1944 CAS begins to plan for a post-war curriculum including, especially, a better foreign area and language curriculum and higher standards and more intense courses. We should expect two hours of preparation for each hour of lecture.


1951 Enrollment in Russian language has increased by 100% since the start of the Korean War.
1955 Martin Luther King, Jr. receives his PhD in systematic theology.


1965 Representative Adam Clayton Powell (D-NY) speaks in CAS on “the legislative politics of desegregation.”
1965 Numerous discussions and teach-ins on the Vietnam War, often with the participation and leadership of Professor Howard Zinn.
1968 Howard Zinn travels to North Vietnam to arrange for the release of captured pilots. He says that North Vietnam will negotiate when the bombing stops.


1970 CAS and BU students join in the national unrest over the war in Vietnam. The student union calls a two-day strike in February; and 5080% of students skip classes.
1975 Elie Wiesel accepts a permanent appointment as the Andrew W. Mellow Professor in the humanities with his base in the University Professors and the Department of Religion.


1982 Founding of the Department of Archaeology, the only stand-alone archaeology department in the United States.
1984 CAS achieves the $100 million mark in grants.


1996 The College of Liberal Arts is renamed the College of Arts & Sciences.
1997 Professor of English and Creative Writing Robert Pinsky is named US Poet Laureate.


2006 In his Strategic Plan, President Robert A. Brown commits to “strengthening the College of Arts and Sciences as central to the quality of our academic programs,” and looks forward to growth in the size of the faculty by as many as 100 positions in ten years.
2007 Virginia Sapiro is appointed the 12th dean of the College of Arts & Sciences and dean of the graduate school—the first woman to occupy those positions.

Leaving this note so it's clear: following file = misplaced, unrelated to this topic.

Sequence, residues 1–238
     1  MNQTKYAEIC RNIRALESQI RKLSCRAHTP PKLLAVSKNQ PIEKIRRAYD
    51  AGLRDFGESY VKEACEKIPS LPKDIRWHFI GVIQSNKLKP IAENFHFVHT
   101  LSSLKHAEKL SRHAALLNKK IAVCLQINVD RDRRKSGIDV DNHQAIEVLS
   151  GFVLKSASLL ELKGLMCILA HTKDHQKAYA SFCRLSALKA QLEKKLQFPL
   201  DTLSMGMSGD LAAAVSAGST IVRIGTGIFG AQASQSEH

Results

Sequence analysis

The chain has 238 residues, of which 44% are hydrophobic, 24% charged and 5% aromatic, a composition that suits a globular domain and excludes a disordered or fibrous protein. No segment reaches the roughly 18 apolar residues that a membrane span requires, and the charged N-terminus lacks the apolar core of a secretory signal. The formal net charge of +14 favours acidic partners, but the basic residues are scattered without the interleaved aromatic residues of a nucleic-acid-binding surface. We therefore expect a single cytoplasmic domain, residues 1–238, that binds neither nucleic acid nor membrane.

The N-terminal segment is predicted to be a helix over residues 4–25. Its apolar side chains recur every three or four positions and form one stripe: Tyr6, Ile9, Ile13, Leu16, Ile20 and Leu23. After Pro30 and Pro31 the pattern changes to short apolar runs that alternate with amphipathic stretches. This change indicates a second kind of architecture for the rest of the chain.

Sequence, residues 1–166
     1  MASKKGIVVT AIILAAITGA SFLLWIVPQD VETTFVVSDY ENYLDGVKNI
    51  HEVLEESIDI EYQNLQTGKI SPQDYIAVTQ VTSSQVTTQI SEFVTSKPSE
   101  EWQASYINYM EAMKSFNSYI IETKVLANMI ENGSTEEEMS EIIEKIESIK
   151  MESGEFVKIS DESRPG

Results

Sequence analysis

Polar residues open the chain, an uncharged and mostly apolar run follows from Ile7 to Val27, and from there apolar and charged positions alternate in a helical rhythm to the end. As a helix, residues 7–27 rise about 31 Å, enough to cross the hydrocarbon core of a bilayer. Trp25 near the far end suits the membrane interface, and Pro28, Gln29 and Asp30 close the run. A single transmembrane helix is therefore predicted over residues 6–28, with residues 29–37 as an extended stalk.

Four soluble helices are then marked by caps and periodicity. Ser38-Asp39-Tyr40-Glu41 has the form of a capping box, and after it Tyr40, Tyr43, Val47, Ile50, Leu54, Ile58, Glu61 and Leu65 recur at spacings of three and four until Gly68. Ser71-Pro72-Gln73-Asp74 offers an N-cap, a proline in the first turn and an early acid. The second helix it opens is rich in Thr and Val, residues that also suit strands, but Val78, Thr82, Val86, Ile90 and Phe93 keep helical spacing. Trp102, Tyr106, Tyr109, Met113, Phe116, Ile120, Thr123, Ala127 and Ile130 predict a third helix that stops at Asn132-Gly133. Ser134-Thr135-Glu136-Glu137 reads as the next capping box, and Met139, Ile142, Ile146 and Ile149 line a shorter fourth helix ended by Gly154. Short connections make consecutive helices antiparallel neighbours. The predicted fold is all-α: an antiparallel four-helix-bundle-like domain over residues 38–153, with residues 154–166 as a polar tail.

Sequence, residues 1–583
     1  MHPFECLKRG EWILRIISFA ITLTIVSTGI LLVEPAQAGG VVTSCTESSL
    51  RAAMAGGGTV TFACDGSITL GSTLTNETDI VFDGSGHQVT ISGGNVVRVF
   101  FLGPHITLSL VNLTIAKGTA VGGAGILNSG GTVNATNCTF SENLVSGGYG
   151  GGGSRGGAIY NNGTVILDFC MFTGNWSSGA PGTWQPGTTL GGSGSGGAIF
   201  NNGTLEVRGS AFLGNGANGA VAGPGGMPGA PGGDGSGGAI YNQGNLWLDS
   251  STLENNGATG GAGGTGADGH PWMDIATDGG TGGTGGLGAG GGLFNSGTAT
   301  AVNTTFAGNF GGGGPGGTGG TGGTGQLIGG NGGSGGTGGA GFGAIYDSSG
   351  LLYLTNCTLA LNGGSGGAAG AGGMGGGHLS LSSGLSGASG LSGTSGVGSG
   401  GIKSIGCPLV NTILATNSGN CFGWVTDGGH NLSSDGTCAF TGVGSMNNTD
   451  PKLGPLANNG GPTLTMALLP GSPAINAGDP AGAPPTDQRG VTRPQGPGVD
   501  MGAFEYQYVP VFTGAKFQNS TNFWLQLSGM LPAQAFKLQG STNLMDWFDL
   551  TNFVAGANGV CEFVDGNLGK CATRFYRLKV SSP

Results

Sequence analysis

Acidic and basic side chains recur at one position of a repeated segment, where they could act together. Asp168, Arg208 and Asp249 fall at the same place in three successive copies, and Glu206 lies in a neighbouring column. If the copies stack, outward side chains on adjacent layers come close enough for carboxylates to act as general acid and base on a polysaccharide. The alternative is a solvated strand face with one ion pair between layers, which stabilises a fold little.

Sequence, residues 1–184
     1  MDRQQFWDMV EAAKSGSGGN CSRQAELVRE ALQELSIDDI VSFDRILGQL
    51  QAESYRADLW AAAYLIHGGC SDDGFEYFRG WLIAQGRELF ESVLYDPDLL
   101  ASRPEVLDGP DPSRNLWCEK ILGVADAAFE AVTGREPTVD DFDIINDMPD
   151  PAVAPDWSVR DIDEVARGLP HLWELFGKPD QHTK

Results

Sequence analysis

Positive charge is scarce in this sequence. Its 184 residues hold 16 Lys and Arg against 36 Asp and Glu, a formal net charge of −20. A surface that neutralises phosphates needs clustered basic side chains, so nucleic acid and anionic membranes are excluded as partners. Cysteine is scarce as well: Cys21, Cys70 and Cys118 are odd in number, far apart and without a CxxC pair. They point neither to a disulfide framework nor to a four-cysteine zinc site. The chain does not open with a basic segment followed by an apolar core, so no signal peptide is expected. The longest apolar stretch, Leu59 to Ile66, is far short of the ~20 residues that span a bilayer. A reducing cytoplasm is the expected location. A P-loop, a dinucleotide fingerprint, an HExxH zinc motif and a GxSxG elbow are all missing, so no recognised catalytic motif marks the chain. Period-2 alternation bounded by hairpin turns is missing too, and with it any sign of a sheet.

2009 A CAS Task Force on the First Year Experience submits a report that provides a blueprint for future development of a first year experience to support student integration and success.


2011 BU signs an “in perpetuity agreement” and makes a $10 million investment to become a partner in the 4.3 meter Discovery Channel Telescope in Arizona, extending its partnership with the Lowell Observatory for the benefit of BU astronomy researchers and students.
2013 Bombs explode at the finish line of the Boston Marathon. Among the witnesses, injured, and helpers are many BU student, faculty, and staff. Statistics graduate student Lingzi Lu is killed by the explosion, and a fellowship fund is established in her name.
2014 Founding of the Frederick S. Pardee School of Global Studies within the College of Arts & Sciences, incorporating the former Department of International Relations and the many BU area studies programs. Adil Najam is appointed the first dean.
2015 Ann Cudd is appointed the 13th dean of the College of Arts & Sciences and dean of the graduate school.
2019 Stan Sclaroff is appointed the 14th dean of the College of Arts & Sciences and dean of the graduate school.
Compiled by Virginia Sapiro, Daniel Plucinsky (CAS’13), and Rachel Klepper (CAS’13)